The U.S. military isn’t the only one “surging” to quell violence in one of its occupied cities. A few weeks ago the Australian military rushed extra troops to Dili in East Timor to clamp down on gangs and rebels in advance of the April 9 presidential election. Only they call it a “flex,” not a surge.
In addition to bringing in more troops, the joint Australian-New Zealand battlegroup here has stepped up its patrol schedule, meaning individual soldiers patrol at least daily, often with just three hours of sleep between missions. They keep awake with caffeine candies, cigarettes and Cokes bought off the locals. (Only 50 cents – but it’s Indonesian-bottled Coke, so it tastes weird.)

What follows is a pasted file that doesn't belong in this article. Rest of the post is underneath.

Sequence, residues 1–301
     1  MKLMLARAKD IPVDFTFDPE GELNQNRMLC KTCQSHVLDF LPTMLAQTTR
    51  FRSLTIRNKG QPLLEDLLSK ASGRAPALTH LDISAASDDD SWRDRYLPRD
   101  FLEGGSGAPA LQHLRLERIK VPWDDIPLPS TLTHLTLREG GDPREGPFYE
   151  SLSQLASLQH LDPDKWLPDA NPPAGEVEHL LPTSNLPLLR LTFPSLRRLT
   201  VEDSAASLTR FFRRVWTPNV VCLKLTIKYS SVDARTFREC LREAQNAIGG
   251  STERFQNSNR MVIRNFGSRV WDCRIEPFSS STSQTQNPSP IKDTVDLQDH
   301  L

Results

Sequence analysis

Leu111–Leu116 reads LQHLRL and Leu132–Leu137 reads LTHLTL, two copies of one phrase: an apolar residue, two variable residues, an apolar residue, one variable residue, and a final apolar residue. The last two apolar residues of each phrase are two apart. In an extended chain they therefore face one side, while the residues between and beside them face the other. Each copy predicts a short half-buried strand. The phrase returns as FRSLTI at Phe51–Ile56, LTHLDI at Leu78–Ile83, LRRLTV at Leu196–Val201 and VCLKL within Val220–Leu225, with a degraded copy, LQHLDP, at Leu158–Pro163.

The extra effort is paying off, says Corporal Steven Clacy, a section leader from the 1st battalion of the Royal Australian Regiment. “It’s been quiet the last few weeks because we’ve been flexing.”
But who knows what will happen after the elections, when the battlegroup slows down to rest and reorient. That’s the downside of a surge or flex: it’s got to end sometime, and the bad guys know it. The trick is making some kind of lasting difference as a result of all that extra effort. The Aussies hope that a successful election will defuse political tensions in Timor and dry up the demand for hired thugs.